Monthly Archives: June 2014

Don’t Sneak

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Yesterday in my Sunday post, I discussed the two types of pride: the sinful selfish pride and the pride we should take in ourselves and be stronger people. LGBT can find meaning in pride. We start to feel able to freely and openly celebrate who we are. We need to stop hating and fearing ourselves, because those who live secret lives of pain are not able to fully celebrate their identity. I also used the following quote:

Maybe our journey in life isn’t so much about becoming anything. Maybe it’s about unbecoming everything that isn’t really you so you can become who you were meant to be in the first place.

It symbolizes that we should take pride in our true selves and not hide or “sneak.” StoryCorps, an NPR segment, marked the anniversary of a pivotal moment for gay rights, the 1969 Stonewall riots. Forty-five years ago, on June 27, gay protesters clashed with police in New York. Now, StoryCorps launched an initiative to preserve the stories of LGBT people called “OutLoud.” Below is one of those stories, and it’s a perfect example of why we should celebrate ourselves.

In the 1950s in rural Washington, a teenage boy learned an important lesson about self-acceptance. Patrick Haggerty, now 70, didn’t know he was gay at the time, but says his father knew what direction he was headed.

The conversation started because as a teenager Haggerty decided to perform in a school assembly. On their way there, he started covering his face with glitter — to his brother’s horror. Haggerty says his brother dropped him off at school and then called their father.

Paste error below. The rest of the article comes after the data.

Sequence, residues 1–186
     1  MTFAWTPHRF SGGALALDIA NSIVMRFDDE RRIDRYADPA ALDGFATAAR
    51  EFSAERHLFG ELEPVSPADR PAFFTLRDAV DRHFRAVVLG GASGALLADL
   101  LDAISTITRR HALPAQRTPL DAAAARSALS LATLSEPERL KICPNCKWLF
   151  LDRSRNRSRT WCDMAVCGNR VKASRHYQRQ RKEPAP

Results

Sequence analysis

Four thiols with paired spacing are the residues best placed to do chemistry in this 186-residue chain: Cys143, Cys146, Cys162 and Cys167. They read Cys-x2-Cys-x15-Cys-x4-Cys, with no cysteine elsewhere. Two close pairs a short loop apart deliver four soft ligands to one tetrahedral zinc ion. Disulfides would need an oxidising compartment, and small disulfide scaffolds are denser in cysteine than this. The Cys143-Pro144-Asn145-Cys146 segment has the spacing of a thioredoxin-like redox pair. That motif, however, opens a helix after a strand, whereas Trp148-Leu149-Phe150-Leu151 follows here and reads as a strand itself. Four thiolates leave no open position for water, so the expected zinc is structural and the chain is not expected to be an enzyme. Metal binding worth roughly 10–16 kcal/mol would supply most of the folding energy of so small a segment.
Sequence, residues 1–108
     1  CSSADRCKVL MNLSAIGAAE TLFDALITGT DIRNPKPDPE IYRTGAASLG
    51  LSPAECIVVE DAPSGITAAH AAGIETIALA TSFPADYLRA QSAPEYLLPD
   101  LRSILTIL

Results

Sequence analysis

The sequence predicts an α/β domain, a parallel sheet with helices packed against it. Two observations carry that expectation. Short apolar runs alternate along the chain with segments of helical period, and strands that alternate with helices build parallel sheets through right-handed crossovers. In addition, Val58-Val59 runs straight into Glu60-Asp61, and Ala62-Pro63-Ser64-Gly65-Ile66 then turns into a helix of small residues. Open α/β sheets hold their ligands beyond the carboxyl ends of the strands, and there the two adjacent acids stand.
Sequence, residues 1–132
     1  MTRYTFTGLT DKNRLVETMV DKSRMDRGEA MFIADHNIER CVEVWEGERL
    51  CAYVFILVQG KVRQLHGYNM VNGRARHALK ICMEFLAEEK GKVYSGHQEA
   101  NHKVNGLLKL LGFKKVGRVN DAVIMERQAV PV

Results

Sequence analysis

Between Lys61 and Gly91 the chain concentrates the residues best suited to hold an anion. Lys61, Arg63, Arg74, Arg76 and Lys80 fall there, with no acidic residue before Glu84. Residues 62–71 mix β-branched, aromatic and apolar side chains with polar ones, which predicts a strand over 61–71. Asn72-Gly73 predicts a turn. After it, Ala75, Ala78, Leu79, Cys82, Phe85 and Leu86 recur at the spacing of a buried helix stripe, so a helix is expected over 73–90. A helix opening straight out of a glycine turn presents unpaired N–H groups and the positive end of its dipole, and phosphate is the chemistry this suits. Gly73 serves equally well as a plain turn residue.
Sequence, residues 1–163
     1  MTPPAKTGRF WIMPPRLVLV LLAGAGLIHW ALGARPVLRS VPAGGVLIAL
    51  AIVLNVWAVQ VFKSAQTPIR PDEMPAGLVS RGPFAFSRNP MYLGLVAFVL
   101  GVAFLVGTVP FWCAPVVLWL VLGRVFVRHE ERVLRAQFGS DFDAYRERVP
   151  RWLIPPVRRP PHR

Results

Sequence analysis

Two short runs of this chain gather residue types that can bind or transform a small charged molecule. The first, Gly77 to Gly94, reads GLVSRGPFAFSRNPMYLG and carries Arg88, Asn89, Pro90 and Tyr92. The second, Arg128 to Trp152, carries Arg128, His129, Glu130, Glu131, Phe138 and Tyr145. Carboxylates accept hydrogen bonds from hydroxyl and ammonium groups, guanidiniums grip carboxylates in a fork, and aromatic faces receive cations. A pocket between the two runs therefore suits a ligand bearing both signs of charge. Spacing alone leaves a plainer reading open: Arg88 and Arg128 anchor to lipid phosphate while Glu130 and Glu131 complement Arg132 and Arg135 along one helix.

“Dad, I think you better get up there,” his brother said. “This is not going to look good.”

Their father did come. Charles Edward Haggerty, a dairy farmer, showed up at the school in dirty farming jeans and boots. When Haggerty saw his dad in the halls, he hid.

“It wasn’t because of what I was wearing,” Haggerty says. “It was because of what he was wearing.”

After the assembly, in the car ride home, Haggerty’s father called him out on his attempt to hide.

“My father says to me, ‘I was walking down the hall this morning, and I saw a kid that looked a lot like you ducking around the hall to avoid his dad. But I know it wasn’t you, ’cause you would never do that to your dad,’ ” Haggerty recalls.

Haggerty squirmed in his seat and finally exclaimed, “Well, Dad, did you have to wear your cow-crap jeans to my assembly?”

“Look, everybody knows I’m a dairy farmer,” his father replied. “This is who I am. Now, how ’bout you? When you’re an adult, who are you gonna go out with at night?”

Then, he gave his son some advice:

“Now, I’m gonna tell you something today, and you might not know what to think of it now, but you’re gonna remember when you’re a full-grown man: Don’t sneak. Because if you sneak, like you did today, it means you think you’re doing the wrong thing. And if you run around spending your whole life thinking that you’re doing the wrong thing, then you’ll ruin your immortal soul.”

“And out of all the things a father in 1959 could have told his gay son, my father tells me to be proud of myself and not sneak,” Haggerty says.

“He knew where I was headed. And he knew that making me feel bad about it in any way was the wrong thing to do,” he adds. “I had the patron saint of dads for sissies, and no, I didn’t know at the time, but I know it now.”

If more people could understand what Charles Edward Haggerty did over sixty years ago, then we’d have a lot less teenage suicide, we’d have a lot less depression in LGBT people, acceptance would be a given, and there would it longer be the need for the closet.